I am not sure what to make of the group Fatima1, which is hosting a conference at which the keynote speaker will be former Congressman Ron Paul. To incompatibility of Paul's brand of libertarianism with the most basic understanding of the Catholic Church's social teachings, and indeed with the Church's moral anthropology, it is hard to take this kind of thing seriously. But, there it is. We are trending into Fr. Coughlin territory here.
My colleague Brian Roewe reported yesterday on an interview given by Bishop Thomas Paprocki of Springfield, Illinois. There is much that is - how to put this as kindly as possible - jarring about the bishop's comments.
History yields many lessons, but the formation of foreign policy in a democracy seems cursed to learn the wrong lessons as easily as the correct ones, and to forget that the lessons of history are plural. When we learn, or mis-learn, only one lesson, our views become distorted. The debate over what to do in Syria has demonstrated this phenomenon in spades.
Here is the money quote from an interview Sen. Ted Cruz had this weekend on ABC: “One of the problems with all of this focus on Syria is its missing the ball from what we should be focused on, which is the grave threat from radical Islamic terrorism. This is the one-year anniversary of the attack on Benghazi. In Benghazi, four Americans were killed - including the first ambassador since 1979.”
Yesterday, at the opening of the AFL-CIO convention in Los Angeles, Archbishop Jose Gomez gave the invocation. He preceded the prayer with comments about Syria, immigration reform and the commitment of the Church to the working men and women of the nation and of every nation. Here is the full text:
Good afternoon to you all and welcome to Los Angeles!
We gather this afternoon at a serious moment in the life of our country.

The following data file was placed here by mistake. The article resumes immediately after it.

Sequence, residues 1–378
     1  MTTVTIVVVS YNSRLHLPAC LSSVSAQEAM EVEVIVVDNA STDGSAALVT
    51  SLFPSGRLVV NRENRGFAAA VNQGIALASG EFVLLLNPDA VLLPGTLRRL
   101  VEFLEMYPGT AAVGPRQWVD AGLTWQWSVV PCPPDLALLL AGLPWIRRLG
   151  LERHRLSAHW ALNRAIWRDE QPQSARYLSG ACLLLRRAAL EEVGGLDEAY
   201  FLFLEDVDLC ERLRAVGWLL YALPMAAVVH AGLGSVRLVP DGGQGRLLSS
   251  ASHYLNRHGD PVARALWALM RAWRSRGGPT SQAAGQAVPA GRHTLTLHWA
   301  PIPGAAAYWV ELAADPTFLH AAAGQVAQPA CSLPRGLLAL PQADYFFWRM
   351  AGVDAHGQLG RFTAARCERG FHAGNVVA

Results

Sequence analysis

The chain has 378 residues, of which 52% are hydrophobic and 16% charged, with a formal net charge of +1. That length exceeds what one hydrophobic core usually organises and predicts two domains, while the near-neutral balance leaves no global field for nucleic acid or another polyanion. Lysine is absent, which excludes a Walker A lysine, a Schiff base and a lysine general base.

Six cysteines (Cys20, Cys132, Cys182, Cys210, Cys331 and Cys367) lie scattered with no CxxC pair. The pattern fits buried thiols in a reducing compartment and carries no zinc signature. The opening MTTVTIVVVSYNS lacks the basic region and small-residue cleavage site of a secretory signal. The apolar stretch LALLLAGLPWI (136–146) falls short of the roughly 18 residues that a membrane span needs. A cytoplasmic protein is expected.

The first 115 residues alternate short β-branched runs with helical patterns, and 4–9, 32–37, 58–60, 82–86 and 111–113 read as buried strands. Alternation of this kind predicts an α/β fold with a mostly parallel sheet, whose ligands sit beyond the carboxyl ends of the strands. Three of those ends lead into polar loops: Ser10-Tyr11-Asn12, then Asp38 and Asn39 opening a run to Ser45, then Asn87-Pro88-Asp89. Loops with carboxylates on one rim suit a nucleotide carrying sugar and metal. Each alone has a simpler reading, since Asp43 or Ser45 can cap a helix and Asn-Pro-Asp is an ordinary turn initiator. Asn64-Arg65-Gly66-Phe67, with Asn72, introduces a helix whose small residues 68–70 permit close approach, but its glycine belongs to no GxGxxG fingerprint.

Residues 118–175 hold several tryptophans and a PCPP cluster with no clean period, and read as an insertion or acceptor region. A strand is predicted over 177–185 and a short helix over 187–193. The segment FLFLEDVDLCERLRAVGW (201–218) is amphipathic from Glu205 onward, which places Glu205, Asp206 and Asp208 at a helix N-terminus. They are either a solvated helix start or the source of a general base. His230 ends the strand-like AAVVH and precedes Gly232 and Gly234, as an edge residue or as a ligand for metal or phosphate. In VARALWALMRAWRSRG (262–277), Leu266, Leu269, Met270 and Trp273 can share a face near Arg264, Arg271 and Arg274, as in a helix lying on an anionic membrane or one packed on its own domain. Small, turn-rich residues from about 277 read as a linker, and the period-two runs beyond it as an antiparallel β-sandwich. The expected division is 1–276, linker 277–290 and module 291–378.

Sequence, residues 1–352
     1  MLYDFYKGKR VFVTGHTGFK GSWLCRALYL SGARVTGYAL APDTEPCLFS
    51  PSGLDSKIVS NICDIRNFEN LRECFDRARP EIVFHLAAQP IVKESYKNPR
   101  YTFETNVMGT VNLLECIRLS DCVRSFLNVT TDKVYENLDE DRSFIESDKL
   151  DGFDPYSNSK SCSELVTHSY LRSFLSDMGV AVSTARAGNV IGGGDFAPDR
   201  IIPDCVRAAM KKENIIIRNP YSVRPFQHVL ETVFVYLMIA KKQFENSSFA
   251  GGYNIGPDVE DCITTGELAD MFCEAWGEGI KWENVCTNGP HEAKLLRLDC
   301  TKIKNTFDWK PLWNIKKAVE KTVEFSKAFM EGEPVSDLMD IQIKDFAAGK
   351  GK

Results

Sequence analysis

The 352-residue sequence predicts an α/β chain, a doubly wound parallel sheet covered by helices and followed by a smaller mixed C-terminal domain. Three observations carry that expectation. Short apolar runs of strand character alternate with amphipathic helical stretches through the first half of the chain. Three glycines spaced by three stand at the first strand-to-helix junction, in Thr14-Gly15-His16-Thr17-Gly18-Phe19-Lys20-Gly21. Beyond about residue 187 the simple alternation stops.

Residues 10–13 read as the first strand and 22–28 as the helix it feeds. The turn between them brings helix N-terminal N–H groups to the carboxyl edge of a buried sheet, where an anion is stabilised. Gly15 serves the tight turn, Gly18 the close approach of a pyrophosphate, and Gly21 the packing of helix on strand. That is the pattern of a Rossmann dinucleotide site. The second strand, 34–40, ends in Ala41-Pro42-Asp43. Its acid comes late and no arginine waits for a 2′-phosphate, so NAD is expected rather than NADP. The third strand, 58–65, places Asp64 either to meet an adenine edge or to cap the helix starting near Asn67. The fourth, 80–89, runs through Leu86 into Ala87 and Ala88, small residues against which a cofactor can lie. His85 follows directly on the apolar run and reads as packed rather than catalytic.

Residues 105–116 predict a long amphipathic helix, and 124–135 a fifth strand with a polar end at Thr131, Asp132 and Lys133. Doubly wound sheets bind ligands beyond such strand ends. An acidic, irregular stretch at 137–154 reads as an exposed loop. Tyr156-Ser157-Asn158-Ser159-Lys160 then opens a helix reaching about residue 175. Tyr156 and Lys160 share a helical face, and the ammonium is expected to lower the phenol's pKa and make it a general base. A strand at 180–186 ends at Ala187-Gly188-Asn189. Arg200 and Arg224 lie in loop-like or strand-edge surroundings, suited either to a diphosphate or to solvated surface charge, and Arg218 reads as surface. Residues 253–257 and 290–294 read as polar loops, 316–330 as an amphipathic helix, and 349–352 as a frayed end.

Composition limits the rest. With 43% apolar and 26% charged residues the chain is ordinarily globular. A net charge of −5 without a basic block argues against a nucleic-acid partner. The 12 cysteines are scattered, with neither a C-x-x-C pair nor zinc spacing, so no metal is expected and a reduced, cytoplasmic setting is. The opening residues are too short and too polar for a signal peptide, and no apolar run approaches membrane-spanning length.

And the USCCB thinks we have religious liberty problems here? This article at RealClearPolitics by Peter Berkowitz looks at the situation of the Ultra-Orthodox in Israel. This article should especially be read by those religious right folk who, in one breath, extol Israel, and in the second breath, warn darkly of the threats of European-style socialism. It is a reminder that Israel was founded as a secular state by, well, European socialists.
Since its founding, Israel has been beset by war and violence, from the War of Independence in 1948 to the bombings of restaurants and buses in Tel Aviv. That violence has yielded certain lessons. The Yom Kippur War taught it that a small country, surrounded by hostile powers, can never again cede the great military asset of surprise to its enemies. The belated inaction of the West in response to the genocide in Bosnia taught the Israelis that while Western leaders would continue to mouth the words “Never again!” they did not really mean it.
As regular readers know, I am exceedingly hostile to the idea of any kind of voting in the Church, conclaves excepted. But, here is one time when readers can and should vote - in Religion News Service's "Pope Art Contest." You can vote by clicking here.
Catholic University's Department of History and the School of Theology and Religious Studies present “Catholic Teaching and the Jews — A Revolution?
The Washington State Catholic Conference, which represents the archdiocese of Seattle and the dioceses of Spokane and Yakima, has issued a pastoral statement on immigration reform to be included in all church bulletins. It is short, concise and powerful. Most importantly, in what we might call the mode of Papa Francesco, it starts with stories of real human beings. Let's hope other bishops throughout the country are issuing similar statements to their flocks.